It was a fine morning in May; the sun shed his brightest rays on the smoky roofs of the city of enjoyments, and the streets (strangely enough) were filled neither with mud nor dust.
The heavy diligences had long ceased to shake the streets; the heavy wagons had ceased to pass, and only open carriages were seen, in which indigenous and exotic beauties under beautiful hats, cast disdainful looks on ugly, and smiling ones on good– looking cavaliers.
It was three o’clock when the professor sought his arm chair to meditate.
His right leg rested vertically on the floor, his left formed a diagonal angle with, and rested on it. His back was comfortably supported, and his hands rested on the lions’ heads which terminated the arms of the venerable piece of furniture in which he sat.
His lofty brow indicated intense study, and his mouth a taste for pleasant amusement. His air was collected, and any one to have seen him would have said, “that is a sage of ancient days.” The professor sent for his preparateur en chef, (chief COOK) and that officer arrived, ready to receive orders, advice or lessons.
“Master la Planche,” said the professor with that deep grave accent which penetrates the very depth of our hearts, “all who sit at my table pronounce your potages of the first class, a very excellent thing, for potage is the first consolation of an empty stomach. I am sorry to say though that you are uncertain as a friturier. *
[* Anglice. Fryer.]
“I heard you sigh yesterday over that magnificent sole you served to us, pale, watery and colorless. My friend R. * looked disapprovingly of it, M.H.R. turned his gastronomical nose to the left, and the President S. declared such a misfortune equal to a public calamity.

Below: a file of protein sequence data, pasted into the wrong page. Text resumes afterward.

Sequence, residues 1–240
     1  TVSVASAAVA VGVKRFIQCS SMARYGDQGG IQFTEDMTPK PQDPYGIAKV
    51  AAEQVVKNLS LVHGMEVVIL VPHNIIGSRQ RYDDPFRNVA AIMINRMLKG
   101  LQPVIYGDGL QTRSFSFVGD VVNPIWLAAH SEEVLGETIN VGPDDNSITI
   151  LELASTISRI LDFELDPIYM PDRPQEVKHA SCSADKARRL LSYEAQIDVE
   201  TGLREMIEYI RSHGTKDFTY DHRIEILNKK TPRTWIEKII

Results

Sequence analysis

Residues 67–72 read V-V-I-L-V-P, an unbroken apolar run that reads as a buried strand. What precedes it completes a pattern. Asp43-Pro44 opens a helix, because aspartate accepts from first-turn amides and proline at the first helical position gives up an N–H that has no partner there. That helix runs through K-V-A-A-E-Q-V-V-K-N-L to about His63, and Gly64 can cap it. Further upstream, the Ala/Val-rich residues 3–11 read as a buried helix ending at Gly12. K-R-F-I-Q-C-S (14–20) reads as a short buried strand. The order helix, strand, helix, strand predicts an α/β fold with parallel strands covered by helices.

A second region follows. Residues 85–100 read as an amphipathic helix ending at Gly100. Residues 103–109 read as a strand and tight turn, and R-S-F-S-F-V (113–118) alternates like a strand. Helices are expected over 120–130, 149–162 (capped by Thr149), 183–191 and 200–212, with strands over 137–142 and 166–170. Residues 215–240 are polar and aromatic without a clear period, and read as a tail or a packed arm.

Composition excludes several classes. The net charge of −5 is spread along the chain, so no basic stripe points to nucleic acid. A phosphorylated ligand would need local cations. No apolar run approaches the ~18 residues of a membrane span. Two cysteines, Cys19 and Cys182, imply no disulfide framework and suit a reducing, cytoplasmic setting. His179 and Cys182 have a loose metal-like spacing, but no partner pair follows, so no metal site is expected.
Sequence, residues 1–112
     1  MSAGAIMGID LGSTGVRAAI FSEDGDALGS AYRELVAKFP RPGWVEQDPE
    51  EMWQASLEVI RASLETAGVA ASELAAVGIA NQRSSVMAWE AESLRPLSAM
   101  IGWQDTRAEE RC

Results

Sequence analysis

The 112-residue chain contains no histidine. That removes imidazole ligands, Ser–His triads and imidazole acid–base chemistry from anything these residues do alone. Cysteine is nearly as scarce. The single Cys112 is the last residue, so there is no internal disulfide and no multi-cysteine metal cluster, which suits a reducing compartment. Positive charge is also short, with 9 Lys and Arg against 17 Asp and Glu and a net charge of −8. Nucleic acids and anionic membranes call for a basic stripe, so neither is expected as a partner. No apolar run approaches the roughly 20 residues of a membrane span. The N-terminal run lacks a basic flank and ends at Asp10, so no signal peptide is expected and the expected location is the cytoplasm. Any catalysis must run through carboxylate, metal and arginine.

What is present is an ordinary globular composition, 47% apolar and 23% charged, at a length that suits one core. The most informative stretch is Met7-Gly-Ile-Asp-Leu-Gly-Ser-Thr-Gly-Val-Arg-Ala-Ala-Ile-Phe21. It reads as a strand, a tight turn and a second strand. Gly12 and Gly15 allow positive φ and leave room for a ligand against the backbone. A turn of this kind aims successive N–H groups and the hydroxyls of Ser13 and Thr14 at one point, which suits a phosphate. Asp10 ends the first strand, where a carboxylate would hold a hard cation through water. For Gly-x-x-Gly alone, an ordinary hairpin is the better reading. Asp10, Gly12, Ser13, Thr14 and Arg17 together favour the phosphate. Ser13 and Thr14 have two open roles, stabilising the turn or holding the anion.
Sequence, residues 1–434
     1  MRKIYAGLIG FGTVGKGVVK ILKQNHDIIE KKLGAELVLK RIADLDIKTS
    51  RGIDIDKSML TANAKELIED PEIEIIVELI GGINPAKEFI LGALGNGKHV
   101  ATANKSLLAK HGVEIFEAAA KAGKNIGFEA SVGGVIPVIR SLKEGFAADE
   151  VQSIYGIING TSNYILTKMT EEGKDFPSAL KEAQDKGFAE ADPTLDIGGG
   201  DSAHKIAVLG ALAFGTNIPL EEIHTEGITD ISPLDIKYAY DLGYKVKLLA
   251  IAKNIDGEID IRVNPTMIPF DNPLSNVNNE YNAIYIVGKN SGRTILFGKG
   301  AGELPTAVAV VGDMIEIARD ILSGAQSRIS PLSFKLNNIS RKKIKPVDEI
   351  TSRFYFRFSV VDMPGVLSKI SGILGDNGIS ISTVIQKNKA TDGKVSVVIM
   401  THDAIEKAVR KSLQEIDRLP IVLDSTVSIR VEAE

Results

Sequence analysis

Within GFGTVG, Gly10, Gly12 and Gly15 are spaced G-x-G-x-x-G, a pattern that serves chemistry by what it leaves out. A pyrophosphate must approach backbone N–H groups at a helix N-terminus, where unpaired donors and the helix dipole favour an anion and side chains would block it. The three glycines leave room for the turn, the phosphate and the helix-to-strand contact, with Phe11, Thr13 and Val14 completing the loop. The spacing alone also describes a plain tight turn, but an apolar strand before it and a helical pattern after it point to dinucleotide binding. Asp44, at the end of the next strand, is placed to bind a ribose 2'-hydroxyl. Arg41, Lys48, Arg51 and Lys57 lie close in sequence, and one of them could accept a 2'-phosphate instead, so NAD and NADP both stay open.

[* Mr. R— –, born at Seyssel, in the district of Belley, in 1757, an elector of the grand college. He may be considered an example of the good effects of prudence and probity.]
“This happened because you neglected the theory, the importance of which you are aware of. You are rather obstinate, though I have, taken the trouble to impress on you the facts, that the operations of your laboratory are only the execution of the eternal laws of nature, and that certain things which you do carelessly, because you have seen others do so; yet these are the results of the highest science. Listen to me, therefore, with attention, that you may never again blush at your works.”
“Liquids which you subject to the action of fire cannot all receive the same quantity of heat. Nature has formed them differently, and this secret, which we will call CAPACITY FOR CALORIC, she has kept to herself.
“You may, therefore, with impunity dip your finger in boiling spirits of wine; you would take it very quickly from boiling brandy; more rapidly yet from water; while the most rapid immersion in boiling oil would heat you easily.
“Consequently warm fluids act differently on the sapid bodies presented to them. Those subject to water soften, dissolve, and reduce themselves to boilli. The result is bouillon and its extracts. Those on the contrary treated with oil harden, assume a color more or less deep, and finally are carbonized.
“In the first instance, water dissolves and conveys away the interior juices of the alimentary substances placed in it. In the second the juices are preserved, for they are insoluble in oil. If these things dry up it is because a continuous heat vaporizes the humid parts.